5. Waxed Canvas
Above: Banquettes in the Tavern are upholstered in an unexpected material: water-resilient waxed canvas sourced from Martexin for $12.80 a yard. (Shown here, Army Duck Plain Weave in olive.) To maintain its finish, the fabric gets touched up with Martexin Refinishing Compound. “Waxed canvas develops a great weathered look and is so durable. I don’t know why everybody doesn’t use it on everything,” says Ray. He and the Workstead team also used waxed canvas as mats, rugs, and hallway runners that extend for 25 feet (with felt pads underneath), all custom made by Black Point Mercantile of Portland, Maine. In guest rooms, benches have waxed canvas cushions (“you can put suitcases on them or sit on them; they’re so easy to clean”).
6. Satin-Finish Paint
Above: Paint selections, including this Farrow & Ball India Yellow, are all satin finish (Farrow & Ball’s Modern Emulsion): “It’s wipeable and hard-wearing,” says Ray. “We even used it as a kitchen backsplash and it’s worked well.” The counter is schist, which Ray notes is “incredibly hard and doesn’t stain but is prone to chipping—we knew that going in and don’t mind.”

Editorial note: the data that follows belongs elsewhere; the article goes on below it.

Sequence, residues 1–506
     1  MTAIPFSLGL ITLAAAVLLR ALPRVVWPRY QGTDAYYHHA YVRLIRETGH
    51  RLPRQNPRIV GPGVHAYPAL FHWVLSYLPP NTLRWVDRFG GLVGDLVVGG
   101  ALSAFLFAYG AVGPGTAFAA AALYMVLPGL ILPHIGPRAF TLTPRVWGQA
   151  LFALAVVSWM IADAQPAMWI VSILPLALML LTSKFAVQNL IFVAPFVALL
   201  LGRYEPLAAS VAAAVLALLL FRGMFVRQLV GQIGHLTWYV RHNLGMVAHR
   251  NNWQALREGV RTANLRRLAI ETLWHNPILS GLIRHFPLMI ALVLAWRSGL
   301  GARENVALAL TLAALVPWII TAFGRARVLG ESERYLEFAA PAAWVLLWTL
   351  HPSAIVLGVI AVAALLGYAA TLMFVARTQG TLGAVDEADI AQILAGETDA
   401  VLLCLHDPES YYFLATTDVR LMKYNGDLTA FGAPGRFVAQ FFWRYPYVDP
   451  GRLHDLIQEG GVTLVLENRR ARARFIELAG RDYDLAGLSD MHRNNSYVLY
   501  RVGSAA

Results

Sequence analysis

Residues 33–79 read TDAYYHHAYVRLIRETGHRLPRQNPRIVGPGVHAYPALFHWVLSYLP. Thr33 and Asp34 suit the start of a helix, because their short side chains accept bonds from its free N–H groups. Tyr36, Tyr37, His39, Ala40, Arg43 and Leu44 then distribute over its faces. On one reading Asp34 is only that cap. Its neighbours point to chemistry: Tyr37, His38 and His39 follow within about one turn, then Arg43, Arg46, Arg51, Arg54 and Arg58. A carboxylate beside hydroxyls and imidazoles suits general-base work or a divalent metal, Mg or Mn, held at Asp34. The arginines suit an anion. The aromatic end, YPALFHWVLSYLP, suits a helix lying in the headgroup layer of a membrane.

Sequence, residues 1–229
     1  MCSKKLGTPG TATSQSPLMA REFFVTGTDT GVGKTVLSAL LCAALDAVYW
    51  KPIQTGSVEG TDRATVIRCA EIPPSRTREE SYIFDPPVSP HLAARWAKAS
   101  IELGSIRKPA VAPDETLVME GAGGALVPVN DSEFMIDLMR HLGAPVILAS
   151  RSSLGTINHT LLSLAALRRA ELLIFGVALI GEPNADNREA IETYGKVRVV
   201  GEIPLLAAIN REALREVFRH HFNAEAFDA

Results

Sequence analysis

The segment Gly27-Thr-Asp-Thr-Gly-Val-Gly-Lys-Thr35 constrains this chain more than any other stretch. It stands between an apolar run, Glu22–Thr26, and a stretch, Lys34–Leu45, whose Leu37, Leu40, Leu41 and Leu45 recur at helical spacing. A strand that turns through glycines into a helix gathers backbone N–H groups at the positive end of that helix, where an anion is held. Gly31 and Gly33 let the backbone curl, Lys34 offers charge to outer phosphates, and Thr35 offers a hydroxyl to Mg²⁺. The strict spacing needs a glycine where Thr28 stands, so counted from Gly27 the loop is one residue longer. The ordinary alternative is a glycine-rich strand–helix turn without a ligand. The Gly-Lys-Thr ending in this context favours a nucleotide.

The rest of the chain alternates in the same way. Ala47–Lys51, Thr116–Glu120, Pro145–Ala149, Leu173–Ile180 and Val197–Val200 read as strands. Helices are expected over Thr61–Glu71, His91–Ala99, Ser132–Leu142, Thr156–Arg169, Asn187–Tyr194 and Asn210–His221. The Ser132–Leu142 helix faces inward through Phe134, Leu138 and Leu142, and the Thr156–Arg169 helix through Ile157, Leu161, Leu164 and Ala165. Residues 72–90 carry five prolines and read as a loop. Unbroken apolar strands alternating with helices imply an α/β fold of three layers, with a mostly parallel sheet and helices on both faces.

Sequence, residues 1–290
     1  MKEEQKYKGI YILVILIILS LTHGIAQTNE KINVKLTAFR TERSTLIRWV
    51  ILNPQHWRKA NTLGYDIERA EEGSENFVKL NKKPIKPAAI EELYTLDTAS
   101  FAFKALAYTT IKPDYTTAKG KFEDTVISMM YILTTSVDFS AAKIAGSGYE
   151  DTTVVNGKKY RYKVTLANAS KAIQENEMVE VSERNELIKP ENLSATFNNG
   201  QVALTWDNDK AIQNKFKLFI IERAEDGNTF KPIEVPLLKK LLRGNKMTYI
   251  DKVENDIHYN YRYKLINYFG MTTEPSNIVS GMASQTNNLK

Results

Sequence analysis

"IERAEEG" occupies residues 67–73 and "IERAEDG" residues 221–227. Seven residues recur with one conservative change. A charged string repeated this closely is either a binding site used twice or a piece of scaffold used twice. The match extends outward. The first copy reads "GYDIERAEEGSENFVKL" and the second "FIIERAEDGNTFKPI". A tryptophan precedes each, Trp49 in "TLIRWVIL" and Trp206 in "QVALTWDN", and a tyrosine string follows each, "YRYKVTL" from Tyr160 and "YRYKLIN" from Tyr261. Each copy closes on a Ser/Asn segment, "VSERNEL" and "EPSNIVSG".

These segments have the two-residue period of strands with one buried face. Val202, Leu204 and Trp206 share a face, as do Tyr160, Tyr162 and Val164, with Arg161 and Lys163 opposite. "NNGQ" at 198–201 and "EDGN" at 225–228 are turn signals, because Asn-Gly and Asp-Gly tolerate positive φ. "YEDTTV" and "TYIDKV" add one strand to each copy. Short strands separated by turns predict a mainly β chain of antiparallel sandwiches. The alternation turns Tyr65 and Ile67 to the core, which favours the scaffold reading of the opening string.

Of course, Ray also has favorite tabletop items: Duralex glasses (“good-looking, inexpensive, and virtually unbreakable”), enamelware mugs (“light and unbreakable; we use these as water glasses in the rooms”), vintage flatware, especially hotel silverplate (“it’s heavier than standard”), and denim napkins (“they get better in the wash”). He buys the latter in 100-percent American cotton denim from Small Gunns and is in the process of sourcing yardage so the hotel can make its own.
7. Egyptian Cotton Sheets
Above: Long-staple Egyptian organic cotton is the softest and longest lasting,” says Ray—”I’m not overly thread-count conscious, but I’ve found that 200 is the minimum; 200 to 800 is all good.” The hotel uses Frette, “I don’t think there’s anything out there that’s better and the company has a well-priced commercial line.” The Shadow Plaid Blankets are Faribault’s washable wool. The lodge keeps three of each for every bed, so they can be swapped out and cleaned. “It’s admittedly a lot of work, and dryer energy, to keep them clean—we run them on low in the dryer and it takes three cycles—but they hold up well.” For mattresses, Ray swears by the eco-friendly Keetsa and says “I’ve discovered most people like a much firmer mattress than they realize.”